PETERSBURG — The trial of Pike Central High School Principal LeAnne Kelley ended Thursday without a verdict.

Kelley, with Pike Central name badge on, is charged with two counts of failure to report child abuse or neglect, a Class B misdemeanor. Special Judge William Weikert of Dubois County is expected to rule on the bench trial next week.

Kelley, 47, and Pike Central Superintendent D. John Thomas were both charged by a grand jury in March 2009 after a male teacher was arrested for an inappropriate relationship with a female student.

Much of Thursday’s trial surrounded events that occurred in Nov. 2007 between a then 17-year-old student and former Pike Central teacher Luke Musselwhite.

Musselwhite, who later pled guilty to a misdemeanor charge of contributing to the delinquency of a minor in 2009, had a texting relationship with one of his female students and was alleged to tap another female student on the thigh with a yardstick. Musselwhite later resigned in 2008.

Many of the state’s witnesses testified to events that led Kelley to allegedly not inform the Department of Child Services of the proceedings.

The first was Dale McKinney, a former member of the Pike County School Board that said the board voted 3-2 in executive session not to fire Musselwhite in Dec. 2007. A vote in an executive session is illegal under the state’s Open Door law.

“This is a full-blown cover up,” Pike County District Attorney Darrin McDonald said during an objection argument.

“This was (to them) a private matter to keep a teacher that was liked by Kelley.”

McKinney said he did not know of the yardstick incident until Thomas told him of it before he was to testify in front of the grand jury in Dec. 2008.

Jade (Arnold) Cornelius, now 19, the girl who had a texting relationship with Musselwhite, was also called to testify. She said that her mother made her tell Kelley of the relationship after she found out about them in November 2007.

The two messages said that “bad things would happen,” if she and Musselwhite were “next to each other,” and that they “had a future together.”

She also told Kelley that there was no physical contact between her and Musselwhite. McDonald said later that both of them were not honest about the other text messages.

After her, Julie Weeks of the Pike County Child Protective Services office testified that Kelley and Thomas called her in 2007 after the texting episode to say they had an investigation of “a matter between a student and a teacher” and they would notify her when the investigation was complete. Weeks said no follow-up call was performed by CPS.

“I took this information and was advised to put it in a folder,” Weeks said.

Defense Attorney Thomas Farlow asked Weeks if she did not investigate further and she told the judge she did not. It was not until April 2008 that police learned of the yardstick incident involving Musselwhite. Aaron Simpson with Pike County CPS said he felt the allegation of sexual misconduct was unsubstantiated at the time but, during cross examination, said he turned the yardstick incident over to police.

State Police Det. Tobias Odom testified next, giving notes found in a search warrant on the Pike Central Schools office on the Musselwhite investigation. He said he had reason to suspect Kelley was not truthful with CPS after talking with a Pike County Sheriff’s Deputy Jeremy Britton.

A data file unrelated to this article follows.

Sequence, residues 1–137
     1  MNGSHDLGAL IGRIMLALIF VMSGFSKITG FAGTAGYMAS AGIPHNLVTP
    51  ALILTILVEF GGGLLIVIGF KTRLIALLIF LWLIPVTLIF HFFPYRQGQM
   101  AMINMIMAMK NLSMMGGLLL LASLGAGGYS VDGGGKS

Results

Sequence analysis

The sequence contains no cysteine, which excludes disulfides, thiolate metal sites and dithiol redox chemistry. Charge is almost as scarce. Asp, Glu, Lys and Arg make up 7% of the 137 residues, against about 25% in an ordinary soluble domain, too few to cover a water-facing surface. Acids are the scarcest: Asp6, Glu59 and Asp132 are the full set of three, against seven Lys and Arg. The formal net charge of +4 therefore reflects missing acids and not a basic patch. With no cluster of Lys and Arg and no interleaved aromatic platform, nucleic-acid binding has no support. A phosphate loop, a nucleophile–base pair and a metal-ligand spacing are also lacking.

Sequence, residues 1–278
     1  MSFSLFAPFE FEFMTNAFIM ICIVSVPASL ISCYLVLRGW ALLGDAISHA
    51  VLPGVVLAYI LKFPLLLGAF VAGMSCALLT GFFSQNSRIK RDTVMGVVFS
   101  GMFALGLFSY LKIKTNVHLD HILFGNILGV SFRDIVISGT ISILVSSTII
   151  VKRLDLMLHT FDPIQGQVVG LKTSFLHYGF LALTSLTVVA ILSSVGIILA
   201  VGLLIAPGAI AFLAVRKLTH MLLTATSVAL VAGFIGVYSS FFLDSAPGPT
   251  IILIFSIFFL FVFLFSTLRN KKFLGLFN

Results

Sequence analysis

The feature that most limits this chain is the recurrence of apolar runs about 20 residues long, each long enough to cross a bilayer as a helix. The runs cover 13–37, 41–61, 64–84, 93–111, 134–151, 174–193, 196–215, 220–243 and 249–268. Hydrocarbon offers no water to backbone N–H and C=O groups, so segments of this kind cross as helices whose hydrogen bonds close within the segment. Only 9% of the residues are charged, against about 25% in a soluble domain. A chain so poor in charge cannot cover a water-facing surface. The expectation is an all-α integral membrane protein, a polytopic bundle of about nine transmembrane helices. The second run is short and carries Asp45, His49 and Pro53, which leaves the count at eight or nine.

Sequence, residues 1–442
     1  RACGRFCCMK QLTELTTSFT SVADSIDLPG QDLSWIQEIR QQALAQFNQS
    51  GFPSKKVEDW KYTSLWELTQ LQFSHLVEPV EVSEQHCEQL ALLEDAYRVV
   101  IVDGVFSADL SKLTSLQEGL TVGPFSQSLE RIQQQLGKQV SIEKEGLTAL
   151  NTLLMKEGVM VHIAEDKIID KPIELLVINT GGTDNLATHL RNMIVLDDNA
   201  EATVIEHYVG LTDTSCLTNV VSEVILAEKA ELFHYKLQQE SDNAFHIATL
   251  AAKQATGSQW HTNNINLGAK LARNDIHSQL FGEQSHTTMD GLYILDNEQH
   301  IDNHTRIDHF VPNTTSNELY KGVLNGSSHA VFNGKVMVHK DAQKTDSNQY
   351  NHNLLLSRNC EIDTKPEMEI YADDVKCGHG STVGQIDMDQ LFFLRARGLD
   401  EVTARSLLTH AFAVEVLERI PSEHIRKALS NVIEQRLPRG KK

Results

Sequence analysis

“(The deputy) did not feel Kelley did give him all the facts of the case,” Odom said. During cross, it was learned that Odom learned of this after his investigation into Musselwhite was finished.

Britton testified later for the defense and said the texting incident was not criminal when he learned about it from Cornelius and Pike Central staff in 2008 and told Kelley that they should take care of the matter internally.

The girl who Musselwhite tapped with a yardstick, still a Pike Central student, said Musselwhite did not touch her in an inappropriate manner and defended Kelley.

“I think me and (Musselwhite) just got along really well,” the student said. “There was nothing inappropriate.”

Kelley then took the stand. She said that while she allowed her teachers to show emotions to the students, there was a line not be crossed and Musselwhite crossed it.

“My business card at Pike Central has a saying that says ‘Do what is right,’” Kelley said. “I feel that is our responsibility.”

Kelley said at the time she interviewed Cornelius and Musselwhite the first time, she felt there was no physical contact between them but he did care about her.

She also stated from her investigation the “bad things would happen” text was not typed by Musselwhite but was forwarded from his phone.

“He said he told (Cornelius) that she should not be texting him,” Kelley said.

Later, during cross examination, Kelley said she trusted what the two had said and did not feel they were lying about a relationship.

“I believe in my kids and my teachers,” Kelley said.

McDonald then said the two were not telling the whole truth, placing doubt that the two had a larger relationship and Kelley should have reported Musselwhite to CPS.

“It’s still difficult to know that he lied to you?” McDonald asked.

Not mentioned during Thursday’s trial was former Pike Central teacher Marty Deputy, who committed suicide in 2008, before Musselwhite was arrested. Deputy was suspected, but not confirmed, of also having inappropriate relationships with female students.

Thomas, who is facing one charge of failure to report, is facing trial in June. Several Pike Central and Washington High School teachers were in attendance, with some calling the trial “stupid” on their way out of the courtroom.

McDonald said he could not comment on the trial until Weikert brings back a verdict. Farlow said the trial went well and he expects Kelley to be found not guilty.

“I think we presented the evidence and it was very clear and it acted very clear,” Farlow said.

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